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DIY Textured Accent Wall

Adding a pop of colour into any space can change it drastically, especially for someone like me who has a tendency of sticking to white. It’s important to me that my studio feels calm and clean, but one day I got an urge to add character, texture, and style- enter my pink wall.

My favourite colour of all time is Payne’s Grey (dark greyish navy), so my first thought was to paint one of the walls in my studio a marbled navy. I quickly remembered how dependant I am on bright natural light for my work and a dark wall would absorb a ton of it so I kiboshed that idea. I mulled over a few different colours and came back to another one of my faves - light dusty rose with a hint of peach. I figured it would keep a lot of the brightness and warmth in the room but add the character and texture I was looking for.

This was my inspo:

 

I read some blog posts about how to get the textured look and most of them seemed overcomplicated. People used anything from lime wash to dozens of layers of diluted paint. I ain’t got time for that! Instead, I decided to buy a single colour of paint and commit to only a few layers, gradually adding white paint to the can for each layer to achieve the textured look.

Before and after!

 

What you’ll need (pro tip: convince your friend to come help by bribing with pizza and wine):

  • Gallon of paint (I used matte)

  • White house paint

  • Large sponge

  • Roller + brush + tray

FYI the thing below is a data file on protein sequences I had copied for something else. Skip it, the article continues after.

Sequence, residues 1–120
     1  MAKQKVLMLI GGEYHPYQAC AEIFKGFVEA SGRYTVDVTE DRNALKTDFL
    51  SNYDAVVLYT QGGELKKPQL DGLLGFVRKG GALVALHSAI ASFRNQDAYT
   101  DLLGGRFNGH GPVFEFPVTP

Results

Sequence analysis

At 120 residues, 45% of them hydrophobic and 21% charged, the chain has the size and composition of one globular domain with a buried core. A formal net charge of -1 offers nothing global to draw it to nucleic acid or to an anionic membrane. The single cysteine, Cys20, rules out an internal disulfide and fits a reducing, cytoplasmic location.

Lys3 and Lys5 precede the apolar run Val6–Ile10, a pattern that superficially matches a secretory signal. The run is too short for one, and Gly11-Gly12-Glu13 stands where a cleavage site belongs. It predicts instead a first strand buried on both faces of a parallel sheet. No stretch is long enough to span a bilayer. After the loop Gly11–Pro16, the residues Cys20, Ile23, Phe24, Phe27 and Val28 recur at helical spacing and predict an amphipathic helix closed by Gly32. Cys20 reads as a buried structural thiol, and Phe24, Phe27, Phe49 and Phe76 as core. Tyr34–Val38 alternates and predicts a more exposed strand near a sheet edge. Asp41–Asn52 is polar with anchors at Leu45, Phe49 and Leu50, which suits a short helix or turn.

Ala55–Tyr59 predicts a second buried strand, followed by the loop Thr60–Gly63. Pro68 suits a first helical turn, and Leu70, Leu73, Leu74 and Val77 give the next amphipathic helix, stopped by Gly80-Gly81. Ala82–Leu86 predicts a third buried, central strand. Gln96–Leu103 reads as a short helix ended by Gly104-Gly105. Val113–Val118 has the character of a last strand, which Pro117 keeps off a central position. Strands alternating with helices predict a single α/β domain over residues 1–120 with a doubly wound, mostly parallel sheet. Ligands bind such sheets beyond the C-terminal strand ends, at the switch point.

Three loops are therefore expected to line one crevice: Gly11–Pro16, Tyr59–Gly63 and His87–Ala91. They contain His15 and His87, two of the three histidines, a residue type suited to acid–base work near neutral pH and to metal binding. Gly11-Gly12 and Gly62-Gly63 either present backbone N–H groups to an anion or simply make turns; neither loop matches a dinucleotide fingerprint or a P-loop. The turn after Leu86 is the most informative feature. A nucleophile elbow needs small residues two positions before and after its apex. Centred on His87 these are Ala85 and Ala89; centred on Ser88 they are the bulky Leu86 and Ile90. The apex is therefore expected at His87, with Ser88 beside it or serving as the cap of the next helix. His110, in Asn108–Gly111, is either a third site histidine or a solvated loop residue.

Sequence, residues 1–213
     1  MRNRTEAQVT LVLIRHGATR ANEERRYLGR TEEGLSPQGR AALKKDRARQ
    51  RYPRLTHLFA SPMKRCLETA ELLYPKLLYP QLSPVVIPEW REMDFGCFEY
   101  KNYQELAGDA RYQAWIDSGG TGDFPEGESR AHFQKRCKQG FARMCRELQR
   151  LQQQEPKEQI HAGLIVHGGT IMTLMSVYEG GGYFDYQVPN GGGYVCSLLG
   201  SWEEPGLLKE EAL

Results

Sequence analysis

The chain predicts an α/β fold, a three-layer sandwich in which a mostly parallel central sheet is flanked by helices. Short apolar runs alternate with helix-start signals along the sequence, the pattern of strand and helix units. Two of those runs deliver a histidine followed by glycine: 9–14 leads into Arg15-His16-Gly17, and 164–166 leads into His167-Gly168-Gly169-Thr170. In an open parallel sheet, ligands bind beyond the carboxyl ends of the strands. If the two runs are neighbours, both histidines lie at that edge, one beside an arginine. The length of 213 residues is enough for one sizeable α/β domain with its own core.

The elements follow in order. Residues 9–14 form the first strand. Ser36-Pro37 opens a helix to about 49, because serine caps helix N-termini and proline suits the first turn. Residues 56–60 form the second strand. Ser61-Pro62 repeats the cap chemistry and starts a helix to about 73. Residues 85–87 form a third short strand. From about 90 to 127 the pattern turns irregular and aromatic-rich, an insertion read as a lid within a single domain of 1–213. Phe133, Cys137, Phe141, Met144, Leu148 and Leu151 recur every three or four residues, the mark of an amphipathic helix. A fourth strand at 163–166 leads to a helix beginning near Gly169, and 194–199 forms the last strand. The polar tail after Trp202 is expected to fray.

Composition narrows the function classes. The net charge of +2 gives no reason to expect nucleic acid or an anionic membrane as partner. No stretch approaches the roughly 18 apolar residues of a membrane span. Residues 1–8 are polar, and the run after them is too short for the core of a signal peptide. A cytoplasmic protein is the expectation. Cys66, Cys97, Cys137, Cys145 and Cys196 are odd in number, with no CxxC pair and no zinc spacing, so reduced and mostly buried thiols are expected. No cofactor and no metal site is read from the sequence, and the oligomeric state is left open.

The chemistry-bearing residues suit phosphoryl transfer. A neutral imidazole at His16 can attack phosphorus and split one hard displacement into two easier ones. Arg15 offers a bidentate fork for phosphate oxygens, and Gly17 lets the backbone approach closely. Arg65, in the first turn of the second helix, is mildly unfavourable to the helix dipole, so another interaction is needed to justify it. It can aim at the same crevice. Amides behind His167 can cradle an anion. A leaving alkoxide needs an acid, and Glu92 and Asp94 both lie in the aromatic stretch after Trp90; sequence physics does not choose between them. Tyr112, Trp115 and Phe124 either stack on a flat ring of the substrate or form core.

• Painters tape

 

 

Step 1: Run painters tape along the edges of your wall to protect the trim / door frames, etc.

Step 2: Pour glass of wine.

Step 3: Dump a generous amount of paint into the tray and roll evenly onto the entire wall.

Step 4: Let dry an hour or so (best practice is to probably let each layer cure overnight but I’m impatient).

Step 5: Pour another glass of wine.

Step 6: Fill the tray back up with the base colour and add about a cup of white paint (eyeball that), mixing thoroughly. Dip your brush into the new colour and wipe most of it off so the bristles start to separate. The key is to not have a saturated brush. Little by little make ‘x’ or crisscross formations with your brush strokes, followed immediately by a little buff with the sponge (this is where your friend comes in handy). The sponge will help blend out the edges of the brush strokes so you don’t have linear / defined strokes. Do this all over the wall and let dry for an hour.

Step 7: Repeat step 6 (adding more white paint to each new tray refill) until you achieve your desired effect. Then touch up the edges of the wall (don’t forget the corners) once you’ve had a chance to look at the end result.

Voila!